Fire Chief Offers Wood Stove Tips
It's beginning to sound like a broken record... the price of heating oil, gas and electricity have all gone up again. Between those prices and the uncertainties of y2k and solar flares, it's no wonder that more and more of us are turning to wood.
After all, one cord (two ricks in the South:) of dry oak puts out about the same amount of heat as 165 gallons of #2 stove oil at about half the cost.
There are some potentially serious problems as many are turning to wood heat for the first time. It's a lot of fun, as well as exercise, to go out in the woods, cut down a tree and chop it up, then warm yourself by your own efforts.
Great Grandma would have said, "No, no and no!!!" Try not to burn green wood.(just because it's not wet with rain doesn't't mean it's dry.) or you'll use most of the heat from the wood in drying it out before you get any heat from it... and could rapidly cause a creosote build-up which leads to the very real chance of a chimney fire.
Ah, yes... a chimney fire. The sound of an express train roaring through... flames soaring into the sky... chunks of burning creosote floating onto the roof and down onto the ground. Terrifying! Call the fire department. They'd rather have a truck just standing by for an hour than arrive just in time to watch your home burn to the ground.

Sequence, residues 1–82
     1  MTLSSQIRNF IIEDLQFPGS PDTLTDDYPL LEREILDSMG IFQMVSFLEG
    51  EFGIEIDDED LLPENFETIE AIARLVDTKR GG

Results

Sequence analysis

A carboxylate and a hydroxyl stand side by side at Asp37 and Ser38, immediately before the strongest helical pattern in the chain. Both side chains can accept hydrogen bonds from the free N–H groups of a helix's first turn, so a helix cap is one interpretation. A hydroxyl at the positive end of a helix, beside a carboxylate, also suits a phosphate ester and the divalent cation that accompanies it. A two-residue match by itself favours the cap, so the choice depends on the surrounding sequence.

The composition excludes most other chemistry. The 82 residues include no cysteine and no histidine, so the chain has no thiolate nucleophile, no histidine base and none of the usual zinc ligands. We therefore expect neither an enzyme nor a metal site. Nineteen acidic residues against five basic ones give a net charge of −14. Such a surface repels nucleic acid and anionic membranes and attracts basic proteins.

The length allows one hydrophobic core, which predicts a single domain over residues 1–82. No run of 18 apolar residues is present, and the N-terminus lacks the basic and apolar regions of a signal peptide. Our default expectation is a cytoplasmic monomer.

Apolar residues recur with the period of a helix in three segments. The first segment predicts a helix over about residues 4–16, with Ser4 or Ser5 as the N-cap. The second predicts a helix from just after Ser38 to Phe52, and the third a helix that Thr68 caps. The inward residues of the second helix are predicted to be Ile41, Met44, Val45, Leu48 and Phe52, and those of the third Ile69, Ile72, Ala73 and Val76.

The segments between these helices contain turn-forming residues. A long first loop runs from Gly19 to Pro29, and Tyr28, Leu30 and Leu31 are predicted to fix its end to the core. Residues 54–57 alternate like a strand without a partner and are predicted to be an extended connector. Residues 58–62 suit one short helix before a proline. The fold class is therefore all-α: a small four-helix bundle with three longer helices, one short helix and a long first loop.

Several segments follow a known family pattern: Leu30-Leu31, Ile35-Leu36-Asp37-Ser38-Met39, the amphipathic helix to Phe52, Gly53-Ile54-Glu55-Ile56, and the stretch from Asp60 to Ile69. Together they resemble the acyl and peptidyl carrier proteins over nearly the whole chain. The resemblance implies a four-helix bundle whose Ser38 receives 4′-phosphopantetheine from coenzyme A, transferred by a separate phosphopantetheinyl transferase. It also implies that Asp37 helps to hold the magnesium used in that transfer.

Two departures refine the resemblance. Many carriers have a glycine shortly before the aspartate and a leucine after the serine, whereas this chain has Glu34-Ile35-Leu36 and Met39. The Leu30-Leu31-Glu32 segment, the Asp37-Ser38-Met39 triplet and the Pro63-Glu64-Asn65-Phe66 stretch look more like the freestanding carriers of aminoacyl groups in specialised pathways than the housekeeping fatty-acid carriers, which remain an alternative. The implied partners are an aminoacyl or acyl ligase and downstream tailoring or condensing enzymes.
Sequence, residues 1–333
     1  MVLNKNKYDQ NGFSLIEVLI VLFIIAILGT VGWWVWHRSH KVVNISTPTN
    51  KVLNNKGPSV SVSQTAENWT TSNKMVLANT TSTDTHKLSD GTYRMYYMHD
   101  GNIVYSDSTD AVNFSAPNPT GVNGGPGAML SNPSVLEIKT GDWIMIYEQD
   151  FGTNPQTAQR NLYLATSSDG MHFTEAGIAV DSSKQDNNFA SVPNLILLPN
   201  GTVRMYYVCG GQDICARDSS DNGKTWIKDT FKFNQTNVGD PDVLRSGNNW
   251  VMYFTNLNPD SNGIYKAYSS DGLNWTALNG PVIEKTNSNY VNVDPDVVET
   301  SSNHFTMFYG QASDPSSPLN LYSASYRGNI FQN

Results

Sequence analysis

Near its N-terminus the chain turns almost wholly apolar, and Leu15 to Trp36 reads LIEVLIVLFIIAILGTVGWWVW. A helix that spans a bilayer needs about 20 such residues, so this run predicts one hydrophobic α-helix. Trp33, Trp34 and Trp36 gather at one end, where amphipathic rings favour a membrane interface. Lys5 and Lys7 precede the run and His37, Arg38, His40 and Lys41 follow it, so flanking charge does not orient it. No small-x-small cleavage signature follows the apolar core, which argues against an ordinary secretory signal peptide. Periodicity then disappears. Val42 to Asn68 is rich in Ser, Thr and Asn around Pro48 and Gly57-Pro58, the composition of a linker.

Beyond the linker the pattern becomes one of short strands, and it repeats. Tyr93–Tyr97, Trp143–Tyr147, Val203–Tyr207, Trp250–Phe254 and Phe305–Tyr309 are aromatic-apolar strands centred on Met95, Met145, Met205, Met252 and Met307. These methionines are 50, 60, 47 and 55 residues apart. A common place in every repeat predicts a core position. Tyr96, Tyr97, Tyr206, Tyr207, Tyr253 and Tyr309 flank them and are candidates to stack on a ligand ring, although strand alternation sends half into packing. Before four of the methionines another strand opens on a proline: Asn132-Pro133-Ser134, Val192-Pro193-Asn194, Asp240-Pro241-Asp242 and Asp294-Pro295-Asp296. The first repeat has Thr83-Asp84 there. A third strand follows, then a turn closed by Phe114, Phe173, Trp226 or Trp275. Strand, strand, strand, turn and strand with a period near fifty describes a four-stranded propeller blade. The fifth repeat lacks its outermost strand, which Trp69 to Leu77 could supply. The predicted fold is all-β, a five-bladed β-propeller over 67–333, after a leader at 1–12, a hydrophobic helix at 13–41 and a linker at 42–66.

Great Grandma would have dumped salt on the fire and closed the stove down tight. We have a few added options: our fire department (at least for now), smoke alarms and fire extinguishers at strategic places. Never, I repeat.. never throw water on a cast iron stove!!! It could cause the stove to crack wide open and then you have a major, major disaster!
It's a good idea to throw a couple of tablespoons of a soot reducer on your fire each week. And practice escape routes from your home with every member of the family. Don't leave the house or go to bed until the fire is banked and the stove tightly closed.
In fact, if you're going to be away, shut every door in your house.
That way, if a fire does start, lack of oxygen may cause
it to die. One woman, returning from an evening away, opened the door
to her guest room. It was full of smoke and the bed was burned to cinders, but there was no fire, it had died from the lack of oxygen (fire breathes, you know).
There are a couple of other danger spots; not having an inch of dead air space between your firewall and the house wall (spontaneous combustion starts a 200') and fireplace inserts. If you close up the fireplace for an insert without leaving an access to clean out the creosote, which tends to fall back down the chimney, you may have quite a blaze.
Here are a few more little tips to add to your enjoyment of wood heat: keep an airspace at the back as well as front of your fire so that it can breather; keep a bed of hot coals as that's where your real heat comes from; don't ever hang anything burnable where it can be blown or fall against the stove (That's where a beautiful new robe went); and scrounge an old fashioned popcorn popper, lovely on a cold winter's eve...and save on electricity by enjoying an open fire.
(Most of this information was given to me by Sheridan, Oregon fire chief
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